Presidential Power: Case Studies in the Use of the Opinions of the Attorney General

Presidential Power: Case Studies in the Use of the Opinions of the Attorney General

by Martin S. Sheffer
     
 

This volume is composed of three specific case studies which deal with the development and expansion of presidential power through the opinions of the Attorney General, an area of research often overlooked by presidential scholars. The case studies isolate three of the Republic's most "prerogative" presidents: Abraham Lincoln, who exercised dictatorial power

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Overview

This volume is composed of three specific case studies which deal with the development and expansion of presidential power through the opinions of the Attorney General, an area of research often overlooked by presidential scholars. The case studies isolate three of the Republic's most "prerogative" presidents: Abraham Lincoln, who exercised dictatorial power out of necessity; Franklin Roosevelt, who exercised even greater power out of necessity and as an extension of his personality; and Richard Nixon, who coveted power simply for the sake of power and who abused much of his exercised power out of malevolence. Contents: Introduction; Lincoln and Habeas Corpus; Roosevelt and the Prerogative Presidency; Nixon and the Fourth Amendment; Conclusion.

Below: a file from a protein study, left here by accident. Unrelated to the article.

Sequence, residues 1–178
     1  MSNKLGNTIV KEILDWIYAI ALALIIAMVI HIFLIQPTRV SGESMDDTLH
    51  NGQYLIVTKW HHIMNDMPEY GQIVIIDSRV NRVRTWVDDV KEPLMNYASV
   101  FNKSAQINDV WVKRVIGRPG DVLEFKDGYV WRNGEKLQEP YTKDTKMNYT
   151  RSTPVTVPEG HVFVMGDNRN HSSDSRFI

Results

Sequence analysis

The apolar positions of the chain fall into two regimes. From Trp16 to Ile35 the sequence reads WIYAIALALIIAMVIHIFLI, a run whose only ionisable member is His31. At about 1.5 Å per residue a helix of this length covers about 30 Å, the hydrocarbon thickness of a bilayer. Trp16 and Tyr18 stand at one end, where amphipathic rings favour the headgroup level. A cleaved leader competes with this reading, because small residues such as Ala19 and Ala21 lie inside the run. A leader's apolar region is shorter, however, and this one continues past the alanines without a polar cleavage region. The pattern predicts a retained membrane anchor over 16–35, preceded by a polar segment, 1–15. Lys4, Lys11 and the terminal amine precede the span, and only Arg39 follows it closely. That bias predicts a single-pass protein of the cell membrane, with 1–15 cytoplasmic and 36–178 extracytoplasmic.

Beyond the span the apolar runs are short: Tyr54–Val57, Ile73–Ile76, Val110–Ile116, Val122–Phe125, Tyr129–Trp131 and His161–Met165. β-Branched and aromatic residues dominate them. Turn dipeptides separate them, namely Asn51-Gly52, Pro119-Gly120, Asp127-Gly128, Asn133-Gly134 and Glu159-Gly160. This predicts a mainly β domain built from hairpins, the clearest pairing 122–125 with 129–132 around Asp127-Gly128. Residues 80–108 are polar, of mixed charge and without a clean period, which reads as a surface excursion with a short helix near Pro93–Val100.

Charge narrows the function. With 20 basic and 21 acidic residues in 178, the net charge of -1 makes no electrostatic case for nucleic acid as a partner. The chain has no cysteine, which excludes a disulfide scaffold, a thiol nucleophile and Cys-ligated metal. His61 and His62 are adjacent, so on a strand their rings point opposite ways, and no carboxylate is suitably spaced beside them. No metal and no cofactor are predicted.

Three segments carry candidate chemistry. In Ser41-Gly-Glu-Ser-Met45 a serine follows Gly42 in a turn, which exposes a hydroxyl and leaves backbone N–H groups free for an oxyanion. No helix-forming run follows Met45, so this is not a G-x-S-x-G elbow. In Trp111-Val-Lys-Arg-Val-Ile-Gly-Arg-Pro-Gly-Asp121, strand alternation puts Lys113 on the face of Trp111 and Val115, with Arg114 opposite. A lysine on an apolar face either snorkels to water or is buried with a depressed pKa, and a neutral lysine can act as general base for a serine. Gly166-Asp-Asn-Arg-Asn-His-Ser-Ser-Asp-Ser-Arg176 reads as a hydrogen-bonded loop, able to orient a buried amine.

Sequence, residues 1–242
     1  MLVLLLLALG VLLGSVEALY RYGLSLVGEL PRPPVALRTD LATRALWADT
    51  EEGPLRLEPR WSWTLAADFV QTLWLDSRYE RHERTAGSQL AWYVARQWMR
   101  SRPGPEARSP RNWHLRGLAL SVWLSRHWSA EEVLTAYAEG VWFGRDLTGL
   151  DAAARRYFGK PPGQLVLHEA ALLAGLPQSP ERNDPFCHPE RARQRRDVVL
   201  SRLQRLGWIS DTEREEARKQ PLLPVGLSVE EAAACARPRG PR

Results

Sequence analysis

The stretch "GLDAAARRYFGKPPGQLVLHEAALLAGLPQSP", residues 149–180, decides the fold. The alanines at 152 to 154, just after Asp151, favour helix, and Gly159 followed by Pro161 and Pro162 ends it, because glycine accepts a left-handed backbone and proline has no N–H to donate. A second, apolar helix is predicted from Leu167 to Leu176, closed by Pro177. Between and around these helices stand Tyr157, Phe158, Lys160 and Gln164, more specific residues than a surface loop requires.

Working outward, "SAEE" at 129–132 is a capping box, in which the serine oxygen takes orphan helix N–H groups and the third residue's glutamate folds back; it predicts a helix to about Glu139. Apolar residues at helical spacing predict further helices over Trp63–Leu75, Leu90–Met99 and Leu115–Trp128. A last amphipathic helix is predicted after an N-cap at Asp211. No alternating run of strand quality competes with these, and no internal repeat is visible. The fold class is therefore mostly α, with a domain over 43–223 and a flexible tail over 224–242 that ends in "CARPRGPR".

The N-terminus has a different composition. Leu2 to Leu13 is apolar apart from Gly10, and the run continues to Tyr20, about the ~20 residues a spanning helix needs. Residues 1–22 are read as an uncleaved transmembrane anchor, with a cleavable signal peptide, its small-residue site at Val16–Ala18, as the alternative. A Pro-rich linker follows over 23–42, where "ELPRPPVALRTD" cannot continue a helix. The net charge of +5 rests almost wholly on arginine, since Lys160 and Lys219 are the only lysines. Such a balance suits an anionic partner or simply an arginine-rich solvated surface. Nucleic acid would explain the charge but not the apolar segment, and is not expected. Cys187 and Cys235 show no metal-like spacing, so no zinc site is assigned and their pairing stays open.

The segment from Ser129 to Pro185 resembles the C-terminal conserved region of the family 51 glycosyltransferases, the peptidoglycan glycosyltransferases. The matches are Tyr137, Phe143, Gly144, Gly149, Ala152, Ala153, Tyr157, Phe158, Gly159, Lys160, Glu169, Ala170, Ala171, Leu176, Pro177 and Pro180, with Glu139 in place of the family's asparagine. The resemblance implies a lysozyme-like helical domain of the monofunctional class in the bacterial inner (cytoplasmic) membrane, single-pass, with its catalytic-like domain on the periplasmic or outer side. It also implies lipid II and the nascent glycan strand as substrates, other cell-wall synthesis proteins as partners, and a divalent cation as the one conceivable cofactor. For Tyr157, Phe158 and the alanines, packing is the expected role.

Product Details

ISBN-13:
9780819183774
Publisher:
University Press of America
Publication date:
11/18/1991
Pages:
148
Product dimensions:
6.00(w) x 9.00(h) x 1.00(d)

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